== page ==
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Lateral Movement – Services – Penetration Testing Lab

Cyber Security | September 17, 2020

Services with elevated privileges typically were used in the past as method of privilege escalation or persistence. However a service could be utilized for lateral movement since local administrators have permissions to create/restart a service and modify the binary path. PsExec was the first implementation of lateral movement by using services since it is a trusted Microsoft utility that can push an arbitrary file and register a service that will execute this file on a target host allowing a threat actor to establish access.

The following command will create an SMB server that will host an arbitrary payload.

Running PsExec will authenticate with the local administrator credentials on the target host and will execute the payload “pentestlab.exe” from the UNC path. As a result a Meterpreter session will open.

Metasploit Framework has a module which can perform via SMB lateral movement similar to PsExec. The module requires either the administrator password in plain-text or the administrator hash.

A PowerShell based payload will executed on the target and a new session will established.

However, both approaches are very noisy and even though could be used during penetration testing engagements in red teaming scenarios should be avoided. Usage of a PsExec for lateral movement is highly detectable since a new service will be created on the system and a mature Security Operation Center (SOC) should have already alerts in place.

Service Control (SC.exe) is a Microsoft utility which can be used by Administrators to create, modify, delete, start and stop a service in windows environments. In contrast with PsExec which needs to be dropped to disk this utility is part of Windows and could be abused directly to create a new service that will execute a fileless payload.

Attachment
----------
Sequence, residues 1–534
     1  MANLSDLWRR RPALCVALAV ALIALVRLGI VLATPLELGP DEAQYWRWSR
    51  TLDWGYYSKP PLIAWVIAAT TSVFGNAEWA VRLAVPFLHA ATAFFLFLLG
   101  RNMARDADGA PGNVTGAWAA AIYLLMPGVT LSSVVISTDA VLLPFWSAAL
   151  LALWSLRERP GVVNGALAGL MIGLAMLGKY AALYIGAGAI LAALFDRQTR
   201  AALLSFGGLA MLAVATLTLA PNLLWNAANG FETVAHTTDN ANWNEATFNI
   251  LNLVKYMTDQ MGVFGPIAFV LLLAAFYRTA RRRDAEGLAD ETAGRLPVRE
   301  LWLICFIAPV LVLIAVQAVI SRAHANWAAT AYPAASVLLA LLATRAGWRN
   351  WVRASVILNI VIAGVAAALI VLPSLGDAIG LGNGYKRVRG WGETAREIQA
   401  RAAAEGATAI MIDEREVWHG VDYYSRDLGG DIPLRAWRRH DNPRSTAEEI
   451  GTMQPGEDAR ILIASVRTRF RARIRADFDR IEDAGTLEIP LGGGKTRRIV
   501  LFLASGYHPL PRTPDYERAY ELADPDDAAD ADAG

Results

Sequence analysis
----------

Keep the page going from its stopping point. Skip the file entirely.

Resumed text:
A new method of lateral movement using services has been implemented by Mr.Un1k0d3r in his tool SCShell. The .NET version uses the “OpenSCManager” API which uses remote procedure calls according to Microsoft documentation, it doesn’t create a new service as it relies on the modification of the binary path of an existing service and it can be used with a fileless payload by using the regsvr32 method.

This introduces to lateral movement via services a new stealthier approach more opsec safe compared to the existing techniques described above.

The python implementation of the “SCShell” uses “DCERPC” for authentication instead of SMB and can be executed from a non-domain joined systems.

An alternative option would be to use WMI for authentication to a target host in order to modify an existing service which is implemented in SharpMove.

The following command will execute an arbitrary payload from a UNC path on the target host by modifying an existing service similarly to “SCShell” tool.

Overall the lateral movement via services has been transitioned from SMB protocol to RPC and WMI. Modern tooling attempts to modify the binary path of valid services and execute fileless payloads to move laterally enabling red teams to continue use this technique in their engagements and to create the awareness to SOC teams about monitoring remote procedure calls on the network to identify such attacks.

This content was originally published here.